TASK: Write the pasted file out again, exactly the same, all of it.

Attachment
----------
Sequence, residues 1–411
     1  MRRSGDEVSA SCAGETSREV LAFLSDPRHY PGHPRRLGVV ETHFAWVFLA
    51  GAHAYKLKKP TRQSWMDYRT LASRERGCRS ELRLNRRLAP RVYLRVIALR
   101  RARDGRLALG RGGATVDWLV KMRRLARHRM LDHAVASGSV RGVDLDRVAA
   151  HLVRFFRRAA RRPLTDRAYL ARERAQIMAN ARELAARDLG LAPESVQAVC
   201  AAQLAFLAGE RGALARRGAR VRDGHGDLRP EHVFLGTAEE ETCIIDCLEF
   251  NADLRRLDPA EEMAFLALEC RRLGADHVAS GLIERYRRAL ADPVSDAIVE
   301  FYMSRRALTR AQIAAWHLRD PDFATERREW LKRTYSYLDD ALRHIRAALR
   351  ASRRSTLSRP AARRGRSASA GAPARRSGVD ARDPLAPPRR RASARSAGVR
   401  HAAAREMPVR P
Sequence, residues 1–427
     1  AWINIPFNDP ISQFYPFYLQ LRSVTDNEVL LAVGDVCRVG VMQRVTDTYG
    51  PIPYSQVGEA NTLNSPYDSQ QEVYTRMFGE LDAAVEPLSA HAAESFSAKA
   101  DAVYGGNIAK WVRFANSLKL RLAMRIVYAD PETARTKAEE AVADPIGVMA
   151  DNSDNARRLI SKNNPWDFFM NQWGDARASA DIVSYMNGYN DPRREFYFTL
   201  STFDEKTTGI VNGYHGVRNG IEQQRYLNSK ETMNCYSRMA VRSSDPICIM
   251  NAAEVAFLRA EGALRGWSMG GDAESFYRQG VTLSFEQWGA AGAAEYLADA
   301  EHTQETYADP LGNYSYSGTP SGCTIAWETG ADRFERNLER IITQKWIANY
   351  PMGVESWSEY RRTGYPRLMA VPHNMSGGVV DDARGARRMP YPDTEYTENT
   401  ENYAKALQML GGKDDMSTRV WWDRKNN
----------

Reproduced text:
Sequence, residues 1–411
     1  MRRSGDEVSA SCAGETSREV LAFLSDPRHY PGHPRRLGVV ETHFAWVFLA
    51  GAHAYKLKKP TRQSWMDYRT LASRERGCRS ELRLNRRLAP RVYLRVIALR
   101  RARDGRLALG RGGATVDWLV KMRRLARHRM LDHAVASGSV RGVDLDRVAA
   151  HLVRFFRRAA RRPLTDRAYL ARERAQIMAN ARELAARDLG LAPESVQAVC
   201  AAQLAFLAGE RGALARRGAR VRDGHGDLRP EHVFLGTAEE ETCIIDCLEF
   251  NADLRRLDPA EEMAFLALEC RRLGADHVAS GLIERYRRAL ADPVSDAIVE
   301  FYMSRRALTR AQIAAWHLRD PDFATERREW LKRTYSYLDD ALRHIRAALR
   351  ASRRSTLSRP AARRGRSASA GAPARRSGVD ARDPLAPPRR RASARSAGVR
   401  HAAAREMPVR P
Sequence, residues 1–427
     1  AWINIPFNDP ISQFYPFYLQ LRSVTDNEVL LAVGDVCRVG VMQRVTDTYG
    51  PIPYSQVGEA NTLNSPYDSQ QEVYTRMFGE LDAAVEPLSA HAAESFSAKA
   101  DAVYGGNIAK WVRFANSLKL RLAMRIVYAD PETARTKAEE AVADPIGVMA
   151  DNSDNARRLI SKNNPWDFFM NQWGDARASA DIVSYMNGYN DPRREFYFTL
   201  STFDEKTTGI VNGYHGVRNG IEQQRYLNSK ETMNCYSRMA VRSSDPICIM
   251  NAAEVAFLRA EGALRGWSMG GDAESFYRQG VTLSFEQWGA AGAAEYLADA
   301  EHTQETYADP LGNYSYSGTP SGCTIAWETG ADRFERNLER IITQKWIANY
   351  PMGVESWSEY RRTGYPRLMA VPHNMSGGVV DDARGARRMP YPDTEYTENT
   401  ENYAKALQML GGKDDMSTRV WWDRKNN